More importantly, in an age where the industrial era has been long overpassed by the era of technology and big data, and, where data is considered as the new gold, we are making ourselves and our country more vulnerable to foreign technology firms and foreign governments. They track our behaviour and can use the data in a variety of ways. At a time, when the next war of national interest is being waged over data – already, we see how India is fighting back against foreign pressures – our economists are advocating that we increase our fetish for commercial products more and more.
If today, economists’ prescriptions are going wrong and these mindless consumptive activities are in a mode of slowdown, isn’t that a positive and life-saving development?
For, effectively, we are measuring deprivation through GDP, as, the major economic activities that prop up the economy and fuel consumption and growth are precisely those which lead to more and more deprivation for us, in the form of pollution, bad food, bad water, environmental threats and illnesses.
As if this picture of reality is not dire enough, our economists are advocating propping up the economy by measures that will somehow, anyhow boost people’s ability to spend more and more. Such propositions will lead to only more disaster and it is nothing short of grace that this is not happening.
If the consumption of such harmful products and habits is going down, that is a positive rather than a negative sign for us, as a nation. Of course, since the GDP is a measure of deprivation, as our meaningless consumption goes down, so will the GDP. But this will result in a natural and real equilibrium and help in protecting our environment, health and psychological well-being.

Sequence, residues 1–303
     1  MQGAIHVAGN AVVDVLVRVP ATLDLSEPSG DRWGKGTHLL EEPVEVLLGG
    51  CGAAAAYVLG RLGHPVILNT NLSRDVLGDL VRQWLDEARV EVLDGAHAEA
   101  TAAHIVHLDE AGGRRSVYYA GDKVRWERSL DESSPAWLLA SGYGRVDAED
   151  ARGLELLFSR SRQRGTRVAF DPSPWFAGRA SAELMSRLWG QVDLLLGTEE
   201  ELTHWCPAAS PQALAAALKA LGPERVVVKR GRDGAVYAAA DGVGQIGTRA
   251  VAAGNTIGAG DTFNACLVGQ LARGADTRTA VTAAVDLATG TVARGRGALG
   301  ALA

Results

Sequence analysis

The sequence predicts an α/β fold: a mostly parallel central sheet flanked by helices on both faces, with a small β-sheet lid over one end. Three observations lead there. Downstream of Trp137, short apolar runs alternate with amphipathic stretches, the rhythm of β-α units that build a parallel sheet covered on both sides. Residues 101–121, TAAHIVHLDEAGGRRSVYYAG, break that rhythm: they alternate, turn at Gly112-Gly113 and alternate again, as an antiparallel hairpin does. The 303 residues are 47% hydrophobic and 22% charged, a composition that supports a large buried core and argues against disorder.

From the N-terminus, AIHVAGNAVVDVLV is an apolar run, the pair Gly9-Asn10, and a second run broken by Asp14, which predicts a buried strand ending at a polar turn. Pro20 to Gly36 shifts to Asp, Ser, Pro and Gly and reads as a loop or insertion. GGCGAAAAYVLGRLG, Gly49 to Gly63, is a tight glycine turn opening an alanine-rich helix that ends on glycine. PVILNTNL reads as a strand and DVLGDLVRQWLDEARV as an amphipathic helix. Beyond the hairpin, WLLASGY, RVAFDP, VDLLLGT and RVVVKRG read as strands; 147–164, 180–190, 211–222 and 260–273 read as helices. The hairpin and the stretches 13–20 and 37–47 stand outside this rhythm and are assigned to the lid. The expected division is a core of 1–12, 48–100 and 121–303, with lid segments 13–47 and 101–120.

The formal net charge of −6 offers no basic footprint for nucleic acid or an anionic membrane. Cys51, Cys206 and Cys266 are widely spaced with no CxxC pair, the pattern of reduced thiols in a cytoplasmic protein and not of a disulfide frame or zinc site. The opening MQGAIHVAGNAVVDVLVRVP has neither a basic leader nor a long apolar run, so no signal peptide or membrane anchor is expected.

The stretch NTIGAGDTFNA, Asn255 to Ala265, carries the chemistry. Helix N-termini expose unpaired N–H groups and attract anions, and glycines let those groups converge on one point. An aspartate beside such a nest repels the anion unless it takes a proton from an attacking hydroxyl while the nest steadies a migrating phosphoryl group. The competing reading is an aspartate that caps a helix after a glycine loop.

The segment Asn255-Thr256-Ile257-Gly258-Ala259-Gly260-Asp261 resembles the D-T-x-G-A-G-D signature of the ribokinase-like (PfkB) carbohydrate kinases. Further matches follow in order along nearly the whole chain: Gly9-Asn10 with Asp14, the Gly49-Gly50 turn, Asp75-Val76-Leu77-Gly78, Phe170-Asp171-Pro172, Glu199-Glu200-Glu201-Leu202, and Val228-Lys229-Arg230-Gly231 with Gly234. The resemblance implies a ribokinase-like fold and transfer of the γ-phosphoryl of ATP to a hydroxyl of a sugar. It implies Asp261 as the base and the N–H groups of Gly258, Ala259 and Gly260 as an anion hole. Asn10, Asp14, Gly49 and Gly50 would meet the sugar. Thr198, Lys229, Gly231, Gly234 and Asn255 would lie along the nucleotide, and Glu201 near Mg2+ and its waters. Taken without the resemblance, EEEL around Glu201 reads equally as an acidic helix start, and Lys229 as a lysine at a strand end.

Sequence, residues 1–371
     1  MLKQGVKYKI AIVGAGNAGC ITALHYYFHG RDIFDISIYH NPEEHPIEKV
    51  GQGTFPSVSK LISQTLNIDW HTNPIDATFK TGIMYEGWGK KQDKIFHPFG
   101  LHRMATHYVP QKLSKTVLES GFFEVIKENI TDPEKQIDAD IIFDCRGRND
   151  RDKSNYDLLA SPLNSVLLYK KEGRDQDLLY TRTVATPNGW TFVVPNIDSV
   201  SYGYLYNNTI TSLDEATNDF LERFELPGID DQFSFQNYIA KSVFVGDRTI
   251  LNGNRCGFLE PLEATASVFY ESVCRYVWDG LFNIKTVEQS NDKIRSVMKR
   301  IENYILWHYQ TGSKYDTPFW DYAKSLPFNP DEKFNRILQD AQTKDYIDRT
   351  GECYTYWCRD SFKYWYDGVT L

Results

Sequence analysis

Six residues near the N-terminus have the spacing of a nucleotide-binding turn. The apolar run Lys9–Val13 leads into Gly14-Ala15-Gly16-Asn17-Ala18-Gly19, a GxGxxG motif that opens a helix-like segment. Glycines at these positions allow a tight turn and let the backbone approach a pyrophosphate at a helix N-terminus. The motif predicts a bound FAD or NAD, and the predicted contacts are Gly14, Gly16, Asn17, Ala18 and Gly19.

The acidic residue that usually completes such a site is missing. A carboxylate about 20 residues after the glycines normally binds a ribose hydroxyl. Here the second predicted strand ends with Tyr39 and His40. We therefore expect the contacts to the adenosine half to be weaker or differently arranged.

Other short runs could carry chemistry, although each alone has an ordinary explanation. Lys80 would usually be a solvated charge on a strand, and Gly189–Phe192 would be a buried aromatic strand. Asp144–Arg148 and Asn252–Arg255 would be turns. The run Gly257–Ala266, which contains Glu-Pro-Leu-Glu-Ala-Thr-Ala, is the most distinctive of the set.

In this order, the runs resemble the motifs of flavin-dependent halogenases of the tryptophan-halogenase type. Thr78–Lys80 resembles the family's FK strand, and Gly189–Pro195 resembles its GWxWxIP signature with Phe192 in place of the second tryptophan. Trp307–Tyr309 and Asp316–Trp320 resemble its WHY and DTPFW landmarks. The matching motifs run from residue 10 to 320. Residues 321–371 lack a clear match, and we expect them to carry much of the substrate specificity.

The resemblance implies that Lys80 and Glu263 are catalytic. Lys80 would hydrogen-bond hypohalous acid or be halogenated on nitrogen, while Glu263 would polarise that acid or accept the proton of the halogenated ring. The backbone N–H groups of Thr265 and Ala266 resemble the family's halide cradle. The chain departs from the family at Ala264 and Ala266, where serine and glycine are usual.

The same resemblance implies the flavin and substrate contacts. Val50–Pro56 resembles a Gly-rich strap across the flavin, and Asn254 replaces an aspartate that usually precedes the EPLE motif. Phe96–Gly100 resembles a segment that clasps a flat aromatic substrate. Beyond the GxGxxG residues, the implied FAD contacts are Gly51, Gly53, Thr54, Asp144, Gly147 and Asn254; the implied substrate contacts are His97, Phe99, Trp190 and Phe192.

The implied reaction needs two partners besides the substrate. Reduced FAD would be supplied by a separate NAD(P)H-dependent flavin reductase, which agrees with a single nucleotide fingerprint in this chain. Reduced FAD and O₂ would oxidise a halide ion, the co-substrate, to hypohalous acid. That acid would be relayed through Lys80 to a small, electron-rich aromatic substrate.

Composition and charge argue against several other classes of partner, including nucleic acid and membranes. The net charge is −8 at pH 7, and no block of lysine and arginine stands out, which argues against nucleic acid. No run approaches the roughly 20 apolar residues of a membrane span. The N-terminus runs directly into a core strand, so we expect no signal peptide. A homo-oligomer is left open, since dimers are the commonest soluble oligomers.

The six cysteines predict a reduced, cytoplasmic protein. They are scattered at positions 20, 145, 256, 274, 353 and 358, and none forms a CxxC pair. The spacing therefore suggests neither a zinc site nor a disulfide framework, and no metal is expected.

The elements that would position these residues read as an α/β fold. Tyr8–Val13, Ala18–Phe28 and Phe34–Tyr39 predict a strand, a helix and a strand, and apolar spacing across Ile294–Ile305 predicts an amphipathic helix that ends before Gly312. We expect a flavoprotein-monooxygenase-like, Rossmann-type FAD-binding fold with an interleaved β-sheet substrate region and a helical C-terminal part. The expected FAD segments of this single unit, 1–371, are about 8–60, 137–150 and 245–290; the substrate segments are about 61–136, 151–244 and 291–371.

Unemployment, for instance, is an example of market signaling to us to stop producing useless output that is not in demand – it is a message to us to stop awarding teeming useless educational degrees and certificates which compound the problem of educated unemployment. Indeed, today unemployment among graduates and above is twice the average unemployment rate of the entire labour force. This unemployment level rises with higher level of degrees.
This just means that there is a demand for specific kind of jobs – for the educated. But if the output produced is bad and large in quantity, it will not be accepted. Most of the educated end up unemployed. Indeed, those with even higher degrees like MA and PhD end up with nothing better than NGO-type jobs. Yet, every day, we have new colleges and degrees coming up and all kinds of ludicrous courses taking shape.